This is Dr. Emily Schoerning with AR, and we’ve got your 2050 climate forecast for the Northwest. This region has been defined in the government reports as three states: Oregon, Washington, and Idaho. This past summer in particular, summer of 2021, we saw heat waves in this region that were not predicted to occur for maybe another decade. The question isn’t so much what’s going to happen, because it is happening, as what are these changes going to do.
The Northwest has a lot of communities working in resource extraction. Whether we’re talking forestry, agriculture, or fishing, this region supplies a many of the raw materials the rest of America needs. Everyone who cares about these natural resource industries is aware of the work the people of the Northwest have put into making these resources sustainable. And it’s that kind of teamwork, that kind of development, that will let this region get through the changes that are coming. In the Northwest, we’re looking at a general warming trend, which will impact snowpack and thus landscapes, and that warming trend is also going to cause significant changes in the sea. But moreso than many other regions, the challenge the Northwest region will face is unpredictability.
Unpredictability is hard to plan for. Since 2015 especially, that unpredictability has been felt in the region. It’s hard to know what to expect, and that’s kind where things are going to be for the foreseeable. Any given year you could be dealing with a lot of rain, and I do mean a lot of rain, that atmospheric river type rain, or with pretty serious drought. You could have wildfires in forests that are historically very wet, not historically fire-managed forests. You could have heat waves which will be similar to the 2021 heat waves. The heat waves won’t be much hotter than we’ve already seen this past summer, but those were already hot enough to cause substantial loss of human life. So the situation is serious, and we’re already looking right at it in the Northwest.
This lack of predictability is going to have serious impacts on natural resources. The best way to prepare for a lack of annual predictability is to build a lot of flexibility into the system. And like I’ve said, it’s already happening here, and the people of this region have shown that they have what it takes. They have shown that they are willing to divert water from agriculture to save natural resources. They have shown that they will make every effort, reconfigure a whole landscape, revive entire watersheds, in effort to save the salmon runs. These are the kinds of efforts we need if we want to keep the natural resources of this area, which are so economically important, not even to mention their cultural and spiritual importance.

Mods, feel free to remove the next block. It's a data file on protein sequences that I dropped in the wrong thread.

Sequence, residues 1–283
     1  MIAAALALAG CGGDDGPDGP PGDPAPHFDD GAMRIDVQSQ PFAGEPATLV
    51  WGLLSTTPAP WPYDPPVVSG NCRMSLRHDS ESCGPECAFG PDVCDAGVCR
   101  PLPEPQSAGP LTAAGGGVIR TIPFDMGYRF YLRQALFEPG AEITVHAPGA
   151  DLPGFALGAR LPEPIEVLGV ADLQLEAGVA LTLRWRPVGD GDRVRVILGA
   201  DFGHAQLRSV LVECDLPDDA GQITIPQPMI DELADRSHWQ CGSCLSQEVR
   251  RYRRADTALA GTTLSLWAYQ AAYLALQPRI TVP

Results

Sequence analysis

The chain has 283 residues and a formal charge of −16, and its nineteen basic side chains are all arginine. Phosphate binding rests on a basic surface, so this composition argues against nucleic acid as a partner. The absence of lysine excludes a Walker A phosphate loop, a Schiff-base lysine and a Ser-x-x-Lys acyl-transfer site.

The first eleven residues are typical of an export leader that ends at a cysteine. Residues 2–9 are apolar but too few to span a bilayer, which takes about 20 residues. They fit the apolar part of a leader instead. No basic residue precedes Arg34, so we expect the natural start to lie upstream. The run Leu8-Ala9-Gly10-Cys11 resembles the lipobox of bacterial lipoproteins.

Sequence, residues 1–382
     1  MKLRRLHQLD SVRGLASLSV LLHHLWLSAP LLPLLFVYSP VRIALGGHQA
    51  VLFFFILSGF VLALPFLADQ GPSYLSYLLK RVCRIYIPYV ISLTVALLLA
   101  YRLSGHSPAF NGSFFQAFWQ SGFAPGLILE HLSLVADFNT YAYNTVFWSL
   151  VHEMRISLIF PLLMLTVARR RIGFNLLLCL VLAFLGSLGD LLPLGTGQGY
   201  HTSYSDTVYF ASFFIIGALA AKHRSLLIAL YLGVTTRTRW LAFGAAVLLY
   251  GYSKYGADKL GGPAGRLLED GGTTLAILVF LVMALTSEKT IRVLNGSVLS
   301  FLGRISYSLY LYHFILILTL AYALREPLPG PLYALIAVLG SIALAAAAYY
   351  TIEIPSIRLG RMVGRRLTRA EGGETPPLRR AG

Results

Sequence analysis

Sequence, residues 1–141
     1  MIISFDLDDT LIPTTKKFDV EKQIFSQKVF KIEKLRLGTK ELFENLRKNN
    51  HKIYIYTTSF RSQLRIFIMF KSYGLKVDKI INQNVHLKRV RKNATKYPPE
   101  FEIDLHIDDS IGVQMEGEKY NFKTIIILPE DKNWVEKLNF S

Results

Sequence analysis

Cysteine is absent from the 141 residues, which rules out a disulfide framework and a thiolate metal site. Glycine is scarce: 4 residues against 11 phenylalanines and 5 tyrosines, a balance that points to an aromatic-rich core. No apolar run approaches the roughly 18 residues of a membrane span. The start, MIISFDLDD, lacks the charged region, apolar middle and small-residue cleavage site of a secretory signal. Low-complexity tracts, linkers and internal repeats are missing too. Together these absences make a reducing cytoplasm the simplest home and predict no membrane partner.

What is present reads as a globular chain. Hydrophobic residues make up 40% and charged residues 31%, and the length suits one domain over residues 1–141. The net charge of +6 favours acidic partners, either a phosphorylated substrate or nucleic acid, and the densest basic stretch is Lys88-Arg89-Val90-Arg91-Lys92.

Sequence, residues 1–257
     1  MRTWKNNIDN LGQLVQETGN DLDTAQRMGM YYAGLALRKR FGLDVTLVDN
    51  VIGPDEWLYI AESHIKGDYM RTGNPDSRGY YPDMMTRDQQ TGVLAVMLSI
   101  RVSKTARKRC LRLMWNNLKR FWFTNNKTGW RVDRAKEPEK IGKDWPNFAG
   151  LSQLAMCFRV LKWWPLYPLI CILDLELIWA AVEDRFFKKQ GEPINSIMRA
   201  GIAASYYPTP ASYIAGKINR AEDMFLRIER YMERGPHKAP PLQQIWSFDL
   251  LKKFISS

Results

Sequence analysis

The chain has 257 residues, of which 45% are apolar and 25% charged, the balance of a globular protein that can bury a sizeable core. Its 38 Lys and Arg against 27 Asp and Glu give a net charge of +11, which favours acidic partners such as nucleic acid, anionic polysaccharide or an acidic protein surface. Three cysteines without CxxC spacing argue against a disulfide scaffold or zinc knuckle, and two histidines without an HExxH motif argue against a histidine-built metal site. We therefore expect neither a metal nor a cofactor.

Outlooks for the marine fisheries are very challenging, but if current trends in agriculture hold, there is opportunity for inland agriculture to diversify and begin planting more high-profit specialty crops with the warmer weather. The wine industry is likely to move up into the Northwest from California. The potential for grapes is really quite excellent, it’s really worth investigating if you’re interested in that kind of thing. Inland agriculture in this region does have access to some aquifers that have not been overly abused, that still have the potential for sustainable use. This availability of backup sources of water, of water sources that can allow you to be flexible in an unpredictable climate, these are a real bright spot for the region.
Similarly, the forest industries in this region, we already see a lot of managed forests, and well-managed, sustainable forests. As these industries look to adapt to the future of the region, there will be a need to shift the types of trees the industry replants for future harvest, but there are many types of suitable trees that could be grown. There are trees that have a really high tolerance for water stress, that can make it in wet years and dry years, and that will appreciate the warmer winters coming to the region. So there are ways to prepare, and these are changes that will need to start in plant nurseries, to allow us to grow the forests of tomorrow.
The natural resources of the Northwest are crucial to America; to American stability and to American security. We are all so fortunate that in this region, we have people who have already been working forward, already been looking forward, to the challenges the next few decades will bring. It is because of their stewardship, their embrace of their natural heritage, that the outlook for this region is positive. The people of the Northwest saw what was coming before the people of other regions. These people were able to listen those who remembered what life there had been, and have been able to envision what life in the region could be. When I read the reports for the Northwest, more than any other region, I am inspired and filled with appreciation for the strength and resiliency of its communities. There is a lot the rest of the nation can learn from you all about centering on what you value, and finding out how much you can save. In an unpredictable future, I think there is one thing in this region we can rely on, and that is the people of the American Northwest.
This is Dr. Schoerning with AR, signing out. Please help get the message out there. There is hope. We can prepare for what’s coming. Let’s get ready.